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10 Alternative Facts About Hip-Hop That Are Absolutely, Unequivocally True

The only facts we acknowledge are alternative.
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If you watched Donald Trump’s inauguration last Friday, you’ll already know how special it was. 39 million people (source: a graph I saw on Twitter) flooding the National Mall to witness a peaceful transition of power into the hands of the most qualified president our country has ever seen. Amazing stuff, let me tell you.

You know what else filled me with hope? Watching Sean Spicer and Kellyanne Conway brave the scorn of the dishonest media and bring back the one thing that’s been sorely missing these last eight years: truth. None of that fancy pants evidence-based logic stuff; I’m talking about alternative facts.

Alternative facts are not only going to make America great again, they’re going to make hip-hop great again. Alternative facts are going to revive rap music from the grave where it’s currently buried and return the culture to its original four elements: guns, bling, bitches and spamming bloggers with DatPiff links.

Here are 10 alternative facts about hip-hop that are absolutely, unequivocally true.

Meek Mill Ended Drake’s Career

Drake should have known better when he engaged in war with Meek Mill two years ago. In the most one-sided beef since Nas bankrupted Jay Z, the internet-savvy kid from Philly crushed his Canadian rival after exposing him for using a ghostwriter, which automatically cancels any rapper’s career and erases all evidence of them having ever released or even recorded music. It’s like that scene in The Departed where Matt Damon deletes Leonardo DiCaprio’s file—it’s that effective. Especially today, when all anyone cares about is how music is made, not what it sounds like. It’s the same reason McDonald’s went out of business. Meek Mill, on the other hand, is Burger Chef: a reputable brand that’s still thriving to this day.

Pictured: Meek Mill flashes a smile during his famous post-beef victory lap.

Troy Ave Single-Handedly Brought New York Back

Before Troy Ave, New York hip-hop was carnage: the dealers had been replaced with junkies, and weirdo rappers were wearing shorts that sat above their knees, which I didn’t know was a thing unless you pulled your NBA jorts all the way up to your armpits. I mean, Cam’ron never did anything weird and DMX just has a nervous twitch, that’s all.

Who didn't have a pair of these bad boys?

But when Troy Ave arrived with hope in his heart and bricks in his backpack, he instantly made New York hip-hop great again. His critically acclaimed Major Without a Deal LP was a great album, a terrific album. It sold out in Best Buy like you wouldn’t believe. A report of it moving 9,000 copies in three weeks was purely fake news fabricated by the dishonest media. Major Without a Deal was, in fact, the highest-selling album of 2015, period.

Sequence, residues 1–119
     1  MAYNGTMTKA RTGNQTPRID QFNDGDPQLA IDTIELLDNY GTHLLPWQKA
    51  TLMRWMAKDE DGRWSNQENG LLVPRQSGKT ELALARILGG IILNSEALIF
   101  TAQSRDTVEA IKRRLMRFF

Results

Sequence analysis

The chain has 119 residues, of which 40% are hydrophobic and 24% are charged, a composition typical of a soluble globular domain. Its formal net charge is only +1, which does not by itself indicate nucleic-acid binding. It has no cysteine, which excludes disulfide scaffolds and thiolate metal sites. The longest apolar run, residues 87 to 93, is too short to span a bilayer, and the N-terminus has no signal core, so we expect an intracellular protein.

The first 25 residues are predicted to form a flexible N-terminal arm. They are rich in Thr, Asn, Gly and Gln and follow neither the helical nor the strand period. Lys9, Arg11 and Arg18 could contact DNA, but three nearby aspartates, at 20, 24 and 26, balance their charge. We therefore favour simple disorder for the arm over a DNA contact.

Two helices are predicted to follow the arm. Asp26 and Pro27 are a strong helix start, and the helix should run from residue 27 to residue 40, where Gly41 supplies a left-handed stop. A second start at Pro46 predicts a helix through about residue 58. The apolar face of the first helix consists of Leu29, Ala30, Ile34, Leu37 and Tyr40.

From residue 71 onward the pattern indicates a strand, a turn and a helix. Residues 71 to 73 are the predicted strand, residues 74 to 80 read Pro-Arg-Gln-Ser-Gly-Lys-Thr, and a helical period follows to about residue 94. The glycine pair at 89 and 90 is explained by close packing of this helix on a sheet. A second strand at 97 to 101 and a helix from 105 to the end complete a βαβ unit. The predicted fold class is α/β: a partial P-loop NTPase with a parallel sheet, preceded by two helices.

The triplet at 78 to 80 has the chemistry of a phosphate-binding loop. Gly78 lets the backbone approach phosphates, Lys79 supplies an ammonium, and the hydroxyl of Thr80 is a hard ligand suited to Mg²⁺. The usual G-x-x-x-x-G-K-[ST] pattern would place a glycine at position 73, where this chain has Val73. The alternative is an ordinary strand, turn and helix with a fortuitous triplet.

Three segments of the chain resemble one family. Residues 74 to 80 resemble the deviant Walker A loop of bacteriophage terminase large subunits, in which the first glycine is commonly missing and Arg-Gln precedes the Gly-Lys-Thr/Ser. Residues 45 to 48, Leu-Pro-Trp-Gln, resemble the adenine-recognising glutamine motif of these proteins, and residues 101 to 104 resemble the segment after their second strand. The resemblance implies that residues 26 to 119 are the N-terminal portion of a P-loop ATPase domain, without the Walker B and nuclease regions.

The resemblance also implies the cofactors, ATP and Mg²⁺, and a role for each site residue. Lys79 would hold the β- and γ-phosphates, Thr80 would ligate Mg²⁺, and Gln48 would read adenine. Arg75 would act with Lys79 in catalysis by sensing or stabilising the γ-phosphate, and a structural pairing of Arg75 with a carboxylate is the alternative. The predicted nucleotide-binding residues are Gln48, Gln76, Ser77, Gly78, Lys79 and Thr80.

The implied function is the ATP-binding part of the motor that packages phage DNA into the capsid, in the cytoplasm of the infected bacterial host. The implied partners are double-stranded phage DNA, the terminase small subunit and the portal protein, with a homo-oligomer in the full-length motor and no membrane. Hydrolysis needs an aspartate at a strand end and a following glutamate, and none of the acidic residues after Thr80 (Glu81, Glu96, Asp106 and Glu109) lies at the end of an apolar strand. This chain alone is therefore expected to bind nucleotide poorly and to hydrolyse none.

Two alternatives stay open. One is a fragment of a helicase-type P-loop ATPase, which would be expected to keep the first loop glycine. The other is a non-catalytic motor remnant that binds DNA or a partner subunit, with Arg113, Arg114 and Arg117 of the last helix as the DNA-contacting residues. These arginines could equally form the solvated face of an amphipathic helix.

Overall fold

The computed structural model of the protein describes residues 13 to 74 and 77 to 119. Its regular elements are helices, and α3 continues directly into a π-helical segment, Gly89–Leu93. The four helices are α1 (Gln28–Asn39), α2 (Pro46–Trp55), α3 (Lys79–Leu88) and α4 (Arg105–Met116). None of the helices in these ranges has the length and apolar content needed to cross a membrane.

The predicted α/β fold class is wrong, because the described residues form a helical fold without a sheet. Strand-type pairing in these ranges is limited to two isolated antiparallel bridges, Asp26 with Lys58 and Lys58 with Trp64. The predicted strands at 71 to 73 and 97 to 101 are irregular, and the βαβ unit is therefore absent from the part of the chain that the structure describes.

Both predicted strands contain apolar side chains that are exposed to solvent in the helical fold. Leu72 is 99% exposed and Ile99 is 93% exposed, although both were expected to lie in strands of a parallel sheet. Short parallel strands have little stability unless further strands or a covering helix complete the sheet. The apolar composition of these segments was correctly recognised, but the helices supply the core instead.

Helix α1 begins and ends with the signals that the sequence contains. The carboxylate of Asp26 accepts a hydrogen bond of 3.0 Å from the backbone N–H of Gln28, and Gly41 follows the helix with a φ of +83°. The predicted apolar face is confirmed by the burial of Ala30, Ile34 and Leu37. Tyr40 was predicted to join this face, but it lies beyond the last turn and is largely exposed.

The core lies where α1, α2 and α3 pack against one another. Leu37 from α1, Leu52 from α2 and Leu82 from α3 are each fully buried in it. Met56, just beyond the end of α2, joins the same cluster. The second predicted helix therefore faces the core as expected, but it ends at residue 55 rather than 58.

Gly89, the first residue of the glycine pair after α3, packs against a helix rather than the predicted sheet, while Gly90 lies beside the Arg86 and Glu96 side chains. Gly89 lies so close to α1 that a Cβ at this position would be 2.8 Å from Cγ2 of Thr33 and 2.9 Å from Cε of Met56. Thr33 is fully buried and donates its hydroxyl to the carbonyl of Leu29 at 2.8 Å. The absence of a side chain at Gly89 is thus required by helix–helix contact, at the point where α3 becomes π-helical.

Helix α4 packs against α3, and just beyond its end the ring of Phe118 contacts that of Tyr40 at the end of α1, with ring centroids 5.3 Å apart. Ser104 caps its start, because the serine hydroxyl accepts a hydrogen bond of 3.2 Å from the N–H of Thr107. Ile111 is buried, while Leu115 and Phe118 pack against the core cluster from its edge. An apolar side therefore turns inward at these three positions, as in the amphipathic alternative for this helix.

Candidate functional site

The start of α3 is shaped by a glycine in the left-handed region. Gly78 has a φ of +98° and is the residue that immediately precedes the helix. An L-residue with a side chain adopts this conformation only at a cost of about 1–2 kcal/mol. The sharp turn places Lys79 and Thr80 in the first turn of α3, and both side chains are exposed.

After eliminating every opponent in his way—including secretly employing East Flatbush hackers to expose Taxstone—Troy Ave has rightfully claimed the King of New York crown from 50 Cent (who has been keeping the city afloat all this time) with higher album sales, a better crew (B-B-B-B-BSB!) and significantly more bullet wounds.

2014 Was the Year the GRAMMYs Finally Got It Right

After years of dishing out countless awards to undeserving nominees like Fugees, OutKast and Kanye West, the GRAMMYs finally got it spot-on in 2014. Scooping three of the four rap awards, Macklemore officially became the best rapper alive that year and not a peep of disapproval was heard. Sore loser Kendrick Lamar had the nerve to trick Macklemore into apologizing for his well-deserved victory ("good kid"? Yeah, right), but history has shown who the real winner is. Kendrick wishes he could write a powerful song about race like “White Privilege II.”

Lugz > Every Other Shoe Ever

Mac Miller’s “Lugz On My Feet,” Nelly’s “Stepped On My Lugz,” Run-D.M.C.’s “My L.U.G.Z.”—Lugz is the definitive hip-hop shoe. With such clean designs and fine tailoring, it’s no wonder rappers, athletes and dope boys have been rocking them for years. While Nike, Adidas and Jordan pour millions into fruitless advertising campaigns, Lugz knows exactly what speaks to the streets: Funkmaster Flex endorsements and full-page ads in XXL. Yo, you see the lines when them Drifter Lo LXs dropped?